Overview Map of WS-* specifications

This is an impressive mind map of the various Web Services specifications, complete with hyperlinks the specification documents.  It’s organized by the committe or organization who published the spec, which gives some idea of just how many standards bodies have their toes in these particular waters.

I wish I knew who the author of the mindmap is or the background on why it was created, but it looks the parent website is in Japanese or something.. Oh well.

Here is another overview, this one does a better job at putting the various standards into the context of what they’re intended to accomplish.

More on the WS-* vs REST debate

A few days ago I blogged a bit about the debate between proponents of the WS-* and REST styles of web services. I’ve been thinking about the debate since then, and I’ve come to the realization that part of the problem with the WS-*/REST debate, part of why the two sides can never reach any concensus, is that it’s really three debates in one.

  • Message oriented integration vs connection oriented integration.
  • WS-* suitability as a message oriented integration method.
  • REST’s suitability as connection oriented integration method.

WS-Security and SSL

Over the holiday season I’ve been catching up on a (few) of the unread posts in my feedreader, which is how I stumbled rather belatedly onto a set of back and forth blog rants between Peter Lacey and Gunner Peterson. The subject of thier discourse is the relative merits of the WS-* and REST Web Services stacks.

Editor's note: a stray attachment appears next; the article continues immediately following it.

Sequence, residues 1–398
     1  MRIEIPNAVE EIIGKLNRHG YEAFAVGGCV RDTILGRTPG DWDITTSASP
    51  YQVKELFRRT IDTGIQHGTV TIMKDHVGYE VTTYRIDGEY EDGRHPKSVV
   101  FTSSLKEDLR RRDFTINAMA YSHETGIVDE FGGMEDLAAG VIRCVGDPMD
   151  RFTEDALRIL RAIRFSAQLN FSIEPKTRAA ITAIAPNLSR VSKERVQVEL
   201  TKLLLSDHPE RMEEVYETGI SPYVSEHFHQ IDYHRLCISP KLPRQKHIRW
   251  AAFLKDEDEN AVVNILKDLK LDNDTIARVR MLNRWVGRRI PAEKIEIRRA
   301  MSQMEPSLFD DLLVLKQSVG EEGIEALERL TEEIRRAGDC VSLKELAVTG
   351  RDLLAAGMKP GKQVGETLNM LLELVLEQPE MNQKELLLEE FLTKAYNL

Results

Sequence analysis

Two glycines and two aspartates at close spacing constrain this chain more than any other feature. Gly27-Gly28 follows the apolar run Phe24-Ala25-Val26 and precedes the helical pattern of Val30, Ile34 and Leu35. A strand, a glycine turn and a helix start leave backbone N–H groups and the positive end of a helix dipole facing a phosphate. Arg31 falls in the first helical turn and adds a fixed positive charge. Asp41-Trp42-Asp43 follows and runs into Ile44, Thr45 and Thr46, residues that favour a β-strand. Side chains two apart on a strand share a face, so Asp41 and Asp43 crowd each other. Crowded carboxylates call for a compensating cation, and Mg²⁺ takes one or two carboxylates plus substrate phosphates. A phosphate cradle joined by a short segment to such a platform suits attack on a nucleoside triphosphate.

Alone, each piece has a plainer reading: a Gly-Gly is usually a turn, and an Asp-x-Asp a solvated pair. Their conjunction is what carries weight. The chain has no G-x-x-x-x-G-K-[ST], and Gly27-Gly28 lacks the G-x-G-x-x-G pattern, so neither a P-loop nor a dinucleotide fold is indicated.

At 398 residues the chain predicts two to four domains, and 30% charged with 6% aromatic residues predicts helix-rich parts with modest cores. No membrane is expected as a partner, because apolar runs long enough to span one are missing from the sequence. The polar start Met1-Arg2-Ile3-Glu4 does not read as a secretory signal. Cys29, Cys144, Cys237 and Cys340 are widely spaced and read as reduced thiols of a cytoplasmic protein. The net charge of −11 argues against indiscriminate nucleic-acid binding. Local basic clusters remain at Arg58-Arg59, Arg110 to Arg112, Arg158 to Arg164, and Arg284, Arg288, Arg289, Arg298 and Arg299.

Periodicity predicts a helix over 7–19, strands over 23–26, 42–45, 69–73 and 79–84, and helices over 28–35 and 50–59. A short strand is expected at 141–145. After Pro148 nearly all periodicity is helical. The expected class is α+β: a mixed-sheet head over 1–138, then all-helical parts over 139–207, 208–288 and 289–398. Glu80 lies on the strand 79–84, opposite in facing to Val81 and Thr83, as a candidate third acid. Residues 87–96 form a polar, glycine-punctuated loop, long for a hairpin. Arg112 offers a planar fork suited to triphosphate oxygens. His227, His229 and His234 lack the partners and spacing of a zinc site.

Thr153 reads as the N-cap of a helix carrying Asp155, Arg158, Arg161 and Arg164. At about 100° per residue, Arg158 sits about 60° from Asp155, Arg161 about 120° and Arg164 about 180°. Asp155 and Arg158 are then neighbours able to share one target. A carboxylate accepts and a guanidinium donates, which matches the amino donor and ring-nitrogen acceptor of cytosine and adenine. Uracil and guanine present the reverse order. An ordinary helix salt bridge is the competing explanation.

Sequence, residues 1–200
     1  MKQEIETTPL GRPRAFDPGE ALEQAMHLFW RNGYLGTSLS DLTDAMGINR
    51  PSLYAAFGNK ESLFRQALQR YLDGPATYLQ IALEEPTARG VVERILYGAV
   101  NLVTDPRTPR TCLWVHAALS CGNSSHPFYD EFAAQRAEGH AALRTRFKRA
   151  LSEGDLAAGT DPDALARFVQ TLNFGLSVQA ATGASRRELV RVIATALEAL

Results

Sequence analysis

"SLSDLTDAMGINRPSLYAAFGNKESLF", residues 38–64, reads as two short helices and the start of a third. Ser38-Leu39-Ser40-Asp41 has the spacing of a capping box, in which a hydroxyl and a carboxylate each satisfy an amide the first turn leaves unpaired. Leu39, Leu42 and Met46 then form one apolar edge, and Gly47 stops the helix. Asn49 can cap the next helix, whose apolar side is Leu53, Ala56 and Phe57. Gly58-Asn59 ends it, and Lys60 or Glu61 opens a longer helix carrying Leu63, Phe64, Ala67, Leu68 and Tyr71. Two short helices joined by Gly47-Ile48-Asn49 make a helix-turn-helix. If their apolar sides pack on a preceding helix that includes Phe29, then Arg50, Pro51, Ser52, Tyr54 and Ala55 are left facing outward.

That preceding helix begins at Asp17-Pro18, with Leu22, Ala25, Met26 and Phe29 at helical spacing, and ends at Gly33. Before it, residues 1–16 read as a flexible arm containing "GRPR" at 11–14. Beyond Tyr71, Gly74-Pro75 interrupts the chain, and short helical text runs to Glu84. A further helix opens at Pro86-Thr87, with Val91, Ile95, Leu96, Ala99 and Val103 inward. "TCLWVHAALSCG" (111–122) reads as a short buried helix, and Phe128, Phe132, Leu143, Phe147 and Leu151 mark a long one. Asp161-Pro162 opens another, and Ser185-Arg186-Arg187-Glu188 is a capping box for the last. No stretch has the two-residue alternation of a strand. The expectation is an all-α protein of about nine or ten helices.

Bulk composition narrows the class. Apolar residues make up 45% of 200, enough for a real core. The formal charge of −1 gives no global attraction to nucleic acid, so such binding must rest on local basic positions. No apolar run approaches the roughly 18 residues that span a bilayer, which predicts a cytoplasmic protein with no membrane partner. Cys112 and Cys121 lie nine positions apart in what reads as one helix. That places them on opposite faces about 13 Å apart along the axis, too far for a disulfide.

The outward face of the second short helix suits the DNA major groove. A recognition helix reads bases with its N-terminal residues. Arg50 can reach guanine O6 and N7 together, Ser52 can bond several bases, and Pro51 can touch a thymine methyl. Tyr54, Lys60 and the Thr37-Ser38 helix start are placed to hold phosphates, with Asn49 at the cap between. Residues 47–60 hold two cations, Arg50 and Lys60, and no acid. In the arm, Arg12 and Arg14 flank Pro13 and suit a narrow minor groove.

The REST/WS-* debate is shaping up to be another of those dogmatic, eternal flame wars (like vi vs. emacs). I usually avoid these kind of black hole discussions like the plague, but I feel compelled to comment on this particular one.

Specifically I’m quite disturbed by Peterson’s repeated attempts (this being the most blatent) to claim that SSL is insecure or is somehow less secure than WS-Security. This is of course totally bullshit.

Message oriented security technologies (like WS-Security) provide *additional* security functionality beyond that provide by transport security (like SSL or IPSEC), but they also introduce significant additional risks. Message oriented security technologies in general expose a much greater attack surface than transport oriented security.

The WS-Security specifically is also a very new, very immature spec that is *very* complicated. It would be incredible naive to assume that current generation WS-Security libraries are sufficiently hardened. The complexity and flexibility of the spec itself is also cause for concern, just take a peek at how many non-obvious pitfalls have to be avoided to securely use the username/password token in WS-Security! Any implementation of WS-Security is also dependant upon the security of the XML parsing library used, and securing against XML based attacks is still a discipline in it’s infancy.

The obvious truth is that WS-Security and SSL are complementary, not competing technologies. I’ve never seen a WS-Security protected web service exposed to the Internet without SSL, nor do I ever expect to see one. (or at least, to see one survive 🙂 )